The ej20"k" block would last just as long with an ecu designated for use with an ej20"g" block, that ecu just isn't pushing the envelope as much and there is a margin of safety for the people who attempt to abuse the setup. The block in itself is in no way inferior, in fact the heads are obviously superior overall. Don't throw in the rare closed blocks, having a closed block has nothing to do with spun bearing prevention.

Please explain what makes an ej22 case superior to an ej20 other than displacement being higher, making it easier to produce power.

My ej257 with k heads made 320wtq / 318hp with a 100mm bored stock liner case on a dyno dynamics back when tuned. It made 367wtq recently on a portable dyno at tx2k15. I run only 93 octane pump fuel and it is my daily driven work and fun car. I drove it to tx2k15 and actually ran the 1/4 for fun. Is my case also inferior to the ej22? If so, please explain.


Don't get me wrong, I appreciate you posting cam specs etc. I just don't understand how you come to your conclusions about "k" engines.

Do you also have the cam specs for ej20g sti models and ej20k non sti models? I notice you only posted ej20g non sti and ej20k sti.


No offense, but that's YOU and maybe a few others, but every single EJ20K or EJ20R I have ever seen run on pump gas has crapped out a rod bearing or a piston. Detonation is what does them in. If what I'm saying about the hybrids is a true thing, you can be sure that I'm speaking the truth about the JDM stuff as well, considering I've also torn into plenty of them. Let's not even talk about the drama shows the 9:1 EJ20's are. It's mind boggling. And don't say that there are EJ20R's and H's out there running on 93 as is and hitting boost daily. This is all factual stuff that is common knowledge.
 

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the K's had issues in Europe until the point where they said no more mobile 1. I doubt it was a block issue, maybe subaru just subd the bearings out to a different supplier for those motors. The usdm ej205 is just as prone to bearing failure but lets face it. the majority of americans are terrible with maintanence

ivlike the 2.2 for its bigger bore on the less strenuous 75mm stroke.
 

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1998 Subaru Legacy GT Limited
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236 Posts
Discussion Starter · #28 · (Edited)
None taken, but for you to say its "common knowledge" you have to imply there is something different about my setup and the others who haven't failed. Metal is metal, and the ej20k blocks are built no worse than the previous g versions. Spinning a bearing or throwing a rod isn't always indicative of tune, it has also to do with care.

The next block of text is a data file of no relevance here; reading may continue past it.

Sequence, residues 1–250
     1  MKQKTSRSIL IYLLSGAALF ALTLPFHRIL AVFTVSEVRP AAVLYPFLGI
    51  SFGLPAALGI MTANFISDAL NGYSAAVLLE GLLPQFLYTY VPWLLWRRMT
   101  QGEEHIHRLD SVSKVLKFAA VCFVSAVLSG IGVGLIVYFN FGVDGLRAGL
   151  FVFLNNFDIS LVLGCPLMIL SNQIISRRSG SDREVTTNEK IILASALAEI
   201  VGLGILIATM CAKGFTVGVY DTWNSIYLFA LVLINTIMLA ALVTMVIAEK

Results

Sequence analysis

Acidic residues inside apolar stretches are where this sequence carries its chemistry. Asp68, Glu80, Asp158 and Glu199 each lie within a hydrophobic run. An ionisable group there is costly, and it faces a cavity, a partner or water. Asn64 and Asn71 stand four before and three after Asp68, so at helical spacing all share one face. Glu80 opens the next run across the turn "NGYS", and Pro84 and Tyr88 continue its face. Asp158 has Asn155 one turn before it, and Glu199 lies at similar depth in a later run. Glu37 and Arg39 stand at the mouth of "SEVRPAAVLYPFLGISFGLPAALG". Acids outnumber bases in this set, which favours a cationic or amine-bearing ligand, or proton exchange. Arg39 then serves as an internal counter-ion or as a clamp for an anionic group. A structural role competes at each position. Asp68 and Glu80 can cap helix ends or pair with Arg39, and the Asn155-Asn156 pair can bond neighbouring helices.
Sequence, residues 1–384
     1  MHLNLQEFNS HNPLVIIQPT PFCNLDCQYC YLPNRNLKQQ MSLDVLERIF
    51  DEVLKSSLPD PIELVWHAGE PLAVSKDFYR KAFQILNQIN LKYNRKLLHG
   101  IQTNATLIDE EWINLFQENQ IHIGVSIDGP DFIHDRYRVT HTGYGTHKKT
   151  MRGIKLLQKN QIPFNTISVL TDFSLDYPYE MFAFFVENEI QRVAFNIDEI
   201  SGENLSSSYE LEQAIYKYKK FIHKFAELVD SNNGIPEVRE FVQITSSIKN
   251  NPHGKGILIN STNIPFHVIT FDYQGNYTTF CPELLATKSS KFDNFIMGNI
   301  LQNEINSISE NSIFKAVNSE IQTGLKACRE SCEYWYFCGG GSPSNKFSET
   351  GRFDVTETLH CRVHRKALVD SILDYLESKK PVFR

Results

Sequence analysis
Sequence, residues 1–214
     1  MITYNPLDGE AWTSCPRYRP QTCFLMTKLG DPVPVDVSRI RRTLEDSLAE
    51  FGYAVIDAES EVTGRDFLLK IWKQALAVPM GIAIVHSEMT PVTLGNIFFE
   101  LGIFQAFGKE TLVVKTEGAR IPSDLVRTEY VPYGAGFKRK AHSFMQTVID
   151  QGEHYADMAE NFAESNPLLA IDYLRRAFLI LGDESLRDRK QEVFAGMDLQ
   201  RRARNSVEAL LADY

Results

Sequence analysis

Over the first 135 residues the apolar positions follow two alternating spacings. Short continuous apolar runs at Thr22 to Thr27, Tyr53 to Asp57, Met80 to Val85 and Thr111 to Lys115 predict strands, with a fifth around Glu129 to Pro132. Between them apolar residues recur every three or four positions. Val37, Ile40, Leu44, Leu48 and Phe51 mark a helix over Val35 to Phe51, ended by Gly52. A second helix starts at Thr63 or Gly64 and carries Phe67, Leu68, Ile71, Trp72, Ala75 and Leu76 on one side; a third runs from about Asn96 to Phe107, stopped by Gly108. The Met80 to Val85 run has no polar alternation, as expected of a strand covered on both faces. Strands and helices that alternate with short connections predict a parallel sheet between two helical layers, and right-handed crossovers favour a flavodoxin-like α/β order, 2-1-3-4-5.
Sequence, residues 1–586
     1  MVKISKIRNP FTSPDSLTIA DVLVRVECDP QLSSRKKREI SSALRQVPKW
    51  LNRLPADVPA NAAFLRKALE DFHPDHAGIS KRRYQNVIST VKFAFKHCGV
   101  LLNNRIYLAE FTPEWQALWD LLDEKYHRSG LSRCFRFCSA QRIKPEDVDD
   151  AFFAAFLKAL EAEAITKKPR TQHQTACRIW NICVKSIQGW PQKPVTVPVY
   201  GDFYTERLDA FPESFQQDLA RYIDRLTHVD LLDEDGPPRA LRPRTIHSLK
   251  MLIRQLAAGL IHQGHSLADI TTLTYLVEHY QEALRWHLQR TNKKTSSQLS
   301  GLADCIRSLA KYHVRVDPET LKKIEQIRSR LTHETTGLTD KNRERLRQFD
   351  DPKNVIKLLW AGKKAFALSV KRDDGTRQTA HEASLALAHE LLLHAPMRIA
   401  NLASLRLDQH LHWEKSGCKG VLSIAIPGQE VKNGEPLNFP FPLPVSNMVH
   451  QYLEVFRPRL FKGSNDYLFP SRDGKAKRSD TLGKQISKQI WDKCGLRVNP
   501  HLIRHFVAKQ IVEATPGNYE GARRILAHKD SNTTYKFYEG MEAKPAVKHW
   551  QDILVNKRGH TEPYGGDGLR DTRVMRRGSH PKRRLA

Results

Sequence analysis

That's quite the opposite, as EJ20K's have open decks and weaker piston and rod bearing material than early EJ20G's. They're literally far removed from each other in build quality. That being said, a lot of the old 20G's I've seen torn open here weren't even close to breaking apart and had little wear on the rod bearings at 60k miles, as opposed to the 20K's, which had nearly 3 to 4x the wear.

Now, when the wrong fuel is used in an already out-of-shape engine, the wear accelerates because the internals just can't keep their integrity with the aggressive levels of detonation occurring in the chambers, which will eventually lead to blown rods, because the ECU's simply can't keep up with our octane. That being said, the Japanese youth of that time period often ran their engines hard without any concern, since they have to give up the car at a certain mileage anyway (emissions).

When those engines came to America and were run on already crappy-for-their-ECU's fuel, rods and pistons popped all of the place. It was like 20K's were puking their guts out. However, a lot of us found out that the reason why the old G's never did so was because they were simply too physically strong, and the reason why the Common G 8:1 never did so was because their programming was just tame enough.

This same rule applies with the EJ20R's. They too, were just about half dead off the boats.

They (ei20k) were tuned for more power with different ecus and different turbos and people push them as hard as they can until something breaks. The fact I and others don't share that curse is a testament its more to do with the way they are maintained. There is nothing different about the metal in my ej20k and the metal in the ones that have failed.